Local website boosts visibility of Black-owned businesses
We Buy Black gives minority-owned small businesses the opportunity to showcase and sell their products just in time for the holidays.
With shopping for the holidays in full swing, some are considering buying from small businesses, especially those that are Black-owned, instead of big box stores. It can be difficult, though, to know which retailers to support.
E-commerce website We Buy Black aims to make supporting Black-owned businesses easier. They sell products created and developed by only African Americans and people of African descent.
On We Buy Black virtual shoppers have access to more than 100,000 products sold by over 12,000 Black-owned businesses. From toothbrushes to hair care and even light bulbs, the College Park-based website offers alternatives to products that you would find at your local supermarket.
Its founder, Shareef Abdul-Malik, suggests customers new to the site, start by buying the “Make the Switch” kit, which gives them roughly six products that could replace their everyday products at home.
“The kit allows people to get an idea of the various things Black people are making,” said Abdul-Malik. And now is a great time to make the switch.
“November, December, January and February is a great time for our businesses,” Abdul-Malik said. “November, of course, is the season you roll them into the holiday season and a lot of people are starting to think, ‘how can I support Black businesses?’”
And support for Black-owned businesses isn’t just a local affair. In addition to the 96 percent of domestic consumers, Adbul-Malki said 4 percent of customers who shop on We Buy Black are from across the Atlantic, like the United Kingdom, Sweden and France.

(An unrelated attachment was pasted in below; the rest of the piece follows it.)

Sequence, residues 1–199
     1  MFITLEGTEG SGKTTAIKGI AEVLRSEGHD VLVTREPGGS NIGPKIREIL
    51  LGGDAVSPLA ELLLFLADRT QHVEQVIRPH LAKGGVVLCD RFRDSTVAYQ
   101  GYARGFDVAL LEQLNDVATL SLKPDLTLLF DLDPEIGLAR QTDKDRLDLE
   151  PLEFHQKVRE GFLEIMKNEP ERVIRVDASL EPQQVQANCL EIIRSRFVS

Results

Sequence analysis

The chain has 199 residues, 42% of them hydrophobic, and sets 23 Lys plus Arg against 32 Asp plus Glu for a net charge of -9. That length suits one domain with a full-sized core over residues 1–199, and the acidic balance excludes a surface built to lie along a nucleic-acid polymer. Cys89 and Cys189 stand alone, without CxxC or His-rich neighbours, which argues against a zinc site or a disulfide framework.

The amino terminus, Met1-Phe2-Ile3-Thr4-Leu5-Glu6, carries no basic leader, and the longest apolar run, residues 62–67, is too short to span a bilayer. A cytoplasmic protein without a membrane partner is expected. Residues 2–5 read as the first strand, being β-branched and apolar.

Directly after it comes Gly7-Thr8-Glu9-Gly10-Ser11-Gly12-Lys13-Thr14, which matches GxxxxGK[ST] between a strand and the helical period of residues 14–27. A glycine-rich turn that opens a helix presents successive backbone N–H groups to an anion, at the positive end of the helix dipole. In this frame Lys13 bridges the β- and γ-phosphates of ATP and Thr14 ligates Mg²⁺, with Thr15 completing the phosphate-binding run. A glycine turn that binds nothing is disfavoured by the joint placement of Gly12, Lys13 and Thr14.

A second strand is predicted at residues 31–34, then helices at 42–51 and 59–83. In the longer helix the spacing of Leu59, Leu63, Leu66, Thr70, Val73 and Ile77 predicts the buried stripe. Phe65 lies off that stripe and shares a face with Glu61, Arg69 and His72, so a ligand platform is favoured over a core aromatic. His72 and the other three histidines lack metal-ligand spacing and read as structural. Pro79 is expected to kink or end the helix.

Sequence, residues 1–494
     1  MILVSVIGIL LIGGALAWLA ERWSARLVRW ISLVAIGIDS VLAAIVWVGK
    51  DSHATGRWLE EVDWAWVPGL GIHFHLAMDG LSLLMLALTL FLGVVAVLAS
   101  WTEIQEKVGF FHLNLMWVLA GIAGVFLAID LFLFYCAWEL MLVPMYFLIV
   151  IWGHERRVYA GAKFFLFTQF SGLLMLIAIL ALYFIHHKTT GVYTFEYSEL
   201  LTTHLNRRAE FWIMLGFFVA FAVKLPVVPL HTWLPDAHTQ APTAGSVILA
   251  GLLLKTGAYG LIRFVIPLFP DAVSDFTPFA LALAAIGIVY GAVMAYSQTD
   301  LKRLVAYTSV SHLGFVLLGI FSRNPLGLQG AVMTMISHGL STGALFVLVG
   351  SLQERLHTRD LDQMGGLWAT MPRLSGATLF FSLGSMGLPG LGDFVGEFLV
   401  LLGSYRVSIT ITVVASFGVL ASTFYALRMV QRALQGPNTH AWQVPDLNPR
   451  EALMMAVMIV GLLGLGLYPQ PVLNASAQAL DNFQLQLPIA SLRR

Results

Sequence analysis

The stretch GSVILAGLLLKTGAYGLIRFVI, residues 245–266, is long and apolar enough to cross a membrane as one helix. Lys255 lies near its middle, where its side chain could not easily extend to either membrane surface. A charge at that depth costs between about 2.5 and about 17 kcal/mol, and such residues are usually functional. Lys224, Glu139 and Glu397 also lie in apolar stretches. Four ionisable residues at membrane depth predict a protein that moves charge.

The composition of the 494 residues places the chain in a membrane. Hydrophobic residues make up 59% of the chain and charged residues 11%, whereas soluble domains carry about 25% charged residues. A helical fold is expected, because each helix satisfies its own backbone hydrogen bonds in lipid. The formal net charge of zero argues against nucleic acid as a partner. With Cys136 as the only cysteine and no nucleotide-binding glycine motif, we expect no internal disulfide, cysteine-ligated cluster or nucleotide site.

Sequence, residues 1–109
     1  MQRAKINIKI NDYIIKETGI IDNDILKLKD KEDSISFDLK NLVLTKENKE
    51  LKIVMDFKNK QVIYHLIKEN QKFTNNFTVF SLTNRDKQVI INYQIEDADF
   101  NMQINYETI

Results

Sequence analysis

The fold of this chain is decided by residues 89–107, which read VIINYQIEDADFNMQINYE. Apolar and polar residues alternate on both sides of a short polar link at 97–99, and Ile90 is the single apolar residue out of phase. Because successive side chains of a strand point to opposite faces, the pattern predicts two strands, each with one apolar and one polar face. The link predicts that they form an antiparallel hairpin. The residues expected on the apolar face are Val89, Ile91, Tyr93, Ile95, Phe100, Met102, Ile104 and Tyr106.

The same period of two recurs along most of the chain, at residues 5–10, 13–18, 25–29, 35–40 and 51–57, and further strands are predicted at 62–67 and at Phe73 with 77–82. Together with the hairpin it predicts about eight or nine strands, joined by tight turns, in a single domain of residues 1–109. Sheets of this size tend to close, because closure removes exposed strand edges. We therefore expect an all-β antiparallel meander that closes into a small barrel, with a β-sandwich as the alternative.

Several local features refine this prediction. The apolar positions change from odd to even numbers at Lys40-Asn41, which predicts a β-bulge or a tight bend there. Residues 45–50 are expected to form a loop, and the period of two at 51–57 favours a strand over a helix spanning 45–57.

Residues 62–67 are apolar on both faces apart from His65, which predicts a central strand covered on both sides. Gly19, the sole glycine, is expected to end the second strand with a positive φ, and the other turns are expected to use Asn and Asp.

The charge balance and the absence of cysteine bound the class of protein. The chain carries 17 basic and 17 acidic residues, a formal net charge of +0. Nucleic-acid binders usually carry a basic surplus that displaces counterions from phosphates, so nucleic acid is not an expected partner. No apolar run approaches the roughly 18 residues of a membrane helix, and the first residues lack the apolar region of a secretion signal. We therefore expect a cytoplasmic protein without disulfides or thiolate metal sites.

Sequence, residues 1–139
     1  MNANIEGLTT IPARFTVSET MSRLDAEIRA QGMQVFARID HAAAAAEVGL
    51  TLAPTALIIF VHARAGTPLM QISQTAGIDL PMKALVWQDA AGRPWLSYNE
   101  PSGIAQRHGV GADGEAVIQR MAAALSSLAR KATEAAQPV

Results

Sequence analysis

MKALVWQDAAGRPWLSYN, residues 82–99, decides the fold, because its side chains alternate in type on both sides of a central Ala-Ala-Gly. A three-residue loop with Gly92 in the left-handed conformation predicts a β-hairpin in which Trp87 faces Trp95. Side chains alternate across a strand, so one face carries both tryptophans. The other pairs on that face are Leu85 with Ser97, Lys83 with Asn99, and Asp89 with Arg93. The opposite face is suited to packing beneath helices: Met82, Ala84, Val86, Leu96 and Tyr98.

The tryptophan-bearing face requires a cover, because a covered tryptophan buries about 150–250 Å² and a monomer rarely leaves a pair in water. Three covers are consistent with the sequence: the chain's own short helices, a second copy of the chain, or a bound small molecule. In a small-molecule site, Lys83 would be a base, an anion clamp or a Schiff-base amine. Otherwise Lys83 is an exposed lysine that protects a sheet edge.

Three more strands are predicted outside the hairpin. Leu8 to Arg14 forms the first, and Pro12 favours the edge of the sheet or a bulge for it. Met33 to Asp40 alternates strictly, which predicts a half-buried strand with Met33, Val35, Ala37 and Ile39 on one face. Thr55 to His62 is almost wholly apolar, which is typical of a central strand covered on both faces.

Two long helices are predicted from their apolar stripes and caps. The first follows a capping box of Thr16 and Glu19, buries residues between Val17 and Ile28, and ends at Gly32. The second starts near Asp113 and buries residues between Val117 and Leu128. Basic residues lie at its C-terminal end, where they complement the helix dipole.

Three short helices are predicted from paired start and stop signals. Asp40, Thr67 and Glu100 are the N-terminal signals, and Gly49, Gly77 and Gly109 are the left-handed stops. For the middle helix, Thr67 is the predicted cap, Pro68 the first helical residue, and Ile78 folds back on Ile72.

As the demand for social justice for people of color in the U.S. escalated last year, consumers and retailers wanted to use their spending power as leverage to make their voices heard. And that voice is a powerful one.
Blacks make up for 13 percent of the U.S. population and research company Nielsen reported they had $1.3 trillion in spending power in 2018. This figure has increased114 percent since 2000.
Understanding the power of Black shoppers, large companies have courted this population by promoting Black-owned businesses. Abdul-Malik however, feels that their efforts are too little, too late.
“The opportunity for companies like Meta, Amazon, Wal-Mart, and Etsy,” said Abdul-Malik, “pretty much act like the leader of the movement doesn’t exist. It is to hijack the movement altogether.”
Abdul-Malik designed We Buy Black’s website similar to Amazon’s business model of having vendors sell on their site for a small commission.
“I pattered our model off of that model but it would be Amazon that’s promoting Black-owned products. Now they’re doing it, they have a section for Black-owned businesses but that wasn’t what they were doing for us at all,” said Abdul-Malik.
Although Abdul-Malik is happy with the progress We Buy Black has made, he knows there are a lot more businesses that he could be helping.
“We have a lot of us that are entrepreneurs and because of the pandemic, many of us are becoming entrepreneurs but platforms like ours should be doing a lot, doing much more. If we made 13 percent of the population — an estimated 50 million people — if one percent of us was selling on the platform, that’s 500,000 people, so we still have a long way to go,” said Abdul-Malik.
We Buy Black is accepting new businesses to sell on their platform. For more information, click the Start Selling icon at the top of the homepage.